Andrew Zimmern, the host of The Travel Channel’s hit series Bizarre Foods, has an extraordinarily well-earned reputation for traveling far and wide to seek out and sample anything and everything that’s consumed as food globally, from cow vein stew in Bolivia and giant flying ants in Uganda to raw camel kidneys in Ethiopia, putrefied shark in blood pudding in Iceland and Wolfgang Puck's Hunan style rooster balls in Los Angeles. For Zimmern, local cuisine — bizarre, gross or downright stomach turning as it may be to us -- is not simply what’s served at mealtime. It is a primary avenue to discovering what is most authentic — the bizarre truth — about cultures everywhere. Having eaten his way around the world over the course of four seasons of Bizarre Foods, Zimmern has now launched Bizarre Worlds , a new series on the Travel Channel, and this, his first book, a chronicle of his journeys as he not only tastes the “taboo treats” of the world, but delves deep into the cultures and lifestyles of far-flung locales and seeks the most prized of the modern traveler’s goals: The Authentic Experience. Written in the smart, often hilarious voice he uses to narrate his TV shows, Zimmern uses his adventures in “culinary anthropology” to illustrate such themes as: why visiting local markets can reveal more about destinations than museums; the importance of going to “the last stop on the subway” — the most remote area of a place where its essence is most often revealed; the need to seek out and catalog “the last bottle of coca-cola in the desert,” i.e. disappearing foods and cultures; the profound differences between dining and eating; and the pleasures of snout to tail, local, fresh and organic food. Zimmern takes readers into the back of a souk in Morocco where locals are eating a whole roasted lamb; along with a conch fisherman in Tobago, who may be the last of his kind; to Mississippi, where he dines on raccoon and possum. There, he writes, "People said, 'That's roadkill!' ‘No it's not,’ I said. ‘It's a cultural story.’”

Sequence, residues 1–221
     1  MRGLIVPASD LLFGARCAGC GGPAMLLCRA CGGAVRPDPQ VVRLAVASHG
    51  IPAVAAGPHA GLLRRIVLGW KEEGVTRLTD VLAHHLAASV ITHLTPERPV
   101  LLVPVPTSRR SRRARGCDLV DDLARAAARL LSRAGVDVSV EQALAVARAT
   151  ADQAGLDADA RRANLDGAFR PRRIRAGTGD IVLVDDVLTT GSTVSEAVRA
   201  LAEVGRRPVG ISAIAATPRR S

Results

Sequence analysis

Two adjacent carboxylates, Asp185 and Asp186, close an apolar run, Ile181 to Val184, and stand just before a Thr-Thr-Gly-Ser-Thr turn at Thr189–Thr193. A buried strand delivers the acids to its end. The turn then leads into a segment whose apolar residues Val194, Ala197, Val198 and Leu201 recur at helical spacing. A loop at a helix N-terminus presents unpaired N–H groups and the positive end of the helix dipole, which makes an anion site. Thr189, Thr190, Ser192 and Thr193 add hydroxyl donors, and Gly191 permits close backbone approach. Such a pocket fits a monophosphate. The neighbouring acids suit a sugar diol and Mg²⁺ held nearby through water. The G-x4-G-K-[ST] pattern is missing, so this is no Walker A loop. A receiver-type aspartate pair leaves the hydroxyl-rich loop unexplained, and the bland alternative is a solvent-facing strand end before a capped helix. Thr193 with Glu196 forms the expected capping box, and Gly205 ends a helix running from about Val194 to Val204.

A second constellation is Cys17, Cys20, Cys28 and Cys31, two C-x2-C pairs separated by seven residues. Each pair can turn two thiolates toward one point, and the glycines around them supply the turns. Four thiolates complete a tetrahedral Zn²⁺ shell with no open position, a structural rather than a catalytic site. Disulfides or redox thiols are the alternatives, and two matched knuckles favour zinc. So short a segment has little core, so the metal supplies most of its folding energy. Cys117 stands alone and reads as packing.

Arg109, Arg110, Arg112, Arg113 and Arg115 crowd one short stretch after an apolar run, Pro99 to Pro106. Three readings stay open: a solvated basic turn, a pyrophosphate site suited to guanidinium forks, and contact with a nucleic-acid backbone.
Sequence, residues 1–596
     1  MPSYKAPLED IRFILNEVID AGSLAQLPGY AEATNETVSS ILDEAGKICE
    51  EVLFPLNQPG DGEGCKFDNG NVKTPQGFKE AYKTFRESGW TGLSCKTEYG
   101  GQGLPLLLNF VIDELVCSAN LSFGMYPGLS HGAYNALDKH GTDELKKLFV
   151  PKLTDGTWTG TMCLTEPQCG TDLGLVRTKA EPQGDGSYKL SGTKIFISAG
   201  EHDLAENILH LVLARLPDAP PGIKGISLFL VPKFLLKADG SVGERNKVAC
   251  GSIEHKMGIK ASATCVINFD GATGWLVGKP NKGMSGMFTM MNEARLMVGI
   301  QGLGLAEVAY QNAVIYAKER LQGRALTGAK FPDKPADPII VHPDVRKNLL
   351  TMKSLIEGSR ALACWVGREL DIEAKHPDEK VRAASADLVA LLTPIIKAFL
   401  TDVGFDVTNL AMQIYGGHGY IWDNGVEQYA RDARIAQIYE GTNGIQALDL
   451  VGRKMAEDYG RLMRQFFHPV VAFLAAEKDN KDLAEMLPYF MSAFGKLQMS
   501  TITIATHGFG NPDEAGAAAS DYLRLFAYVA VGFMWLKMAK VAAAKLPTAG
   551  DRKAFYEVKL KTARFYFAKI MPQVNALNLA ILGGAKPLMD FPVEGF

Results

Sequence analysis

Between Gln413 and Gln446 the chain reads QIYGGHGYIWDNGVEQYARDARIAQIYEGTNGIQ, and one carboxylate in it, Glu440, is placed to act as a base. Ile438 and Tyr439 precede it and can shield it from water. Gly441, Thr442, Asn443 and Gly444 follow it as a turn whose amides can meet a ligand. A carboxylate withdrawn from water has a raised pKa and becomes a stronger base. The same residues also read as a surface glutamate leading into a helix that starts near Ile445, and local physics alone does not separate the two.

Whether it’s a session with an Incan witch doctor in Ecuador who blows fire on him, spits on him, thrashes him with poisonous branches and beats him with a live guinea pig or drinking blood in Uganda and cow urine tonic in India or eating roasted bats on an uninhabited island in Samoa, Zimmern cheerfully celebrates the undiscovered destinations and weird wonders still remaining in our increasingly globalized world.
From the Hardcover edition.
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|Title of Business & Economics eBook: The Bizarre Truth|
|Release Date: 09-08-2009|
|Allowed Countries (hover)|
|Publisher: Broadway Books|
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The Bizarre Truth
Puffin Hunting in the Land
of Fire and Ice
Iceland looks and feels like no other place on earth. As our plane touched down just outside Reykjavik, I was almost convinced we’d landed on the moon. Not surprising, given that NASA astronauts trained in Iceland prior to the first moon landing. In much of the country, the barren, rocky topography looks otherworldly in the extreme. Iceland is roughly the size of Ohio, a moss-covered, glacial, rocky expanse, born of the volcanic womb. Treeless mountains, sweeping fields of arctic grasses waving out to the horizon, awe inspiring geysers, raging rivers, spectacular ocean vistas and therapeutic hot springs fueled by boiling, underwater volcanoes are stunning, but make much of the island uninhabitable. Iceland is called the land of fire and ice yet, despite its staggering natural beauty, the overwhelming majority of the population lives in the capital city of Rekyavik. Everyone else is a farmer, or works in either the thermal energy business (booming) or the greenhouse gardening industry (emerging).
The country is changing and growing all the time– literally. In 1963, a volcanic explosion just off the southern coast of Iceland created an island one square mile in size. This landmass, named Surtsey after Iceland’s mythological god of fire, grew to official landmass status in only three and a half years. I was fortunate enough to travel to Surtsey by boat one day. It’s a phenomenal the thing to see, an island that is as big as it is, that is as new as it is, and freakishly almost exactly as old as I am.
I knew the food in Iceland would be wonderful. As a chef in New York and Minneapolis, I’d always been floored by...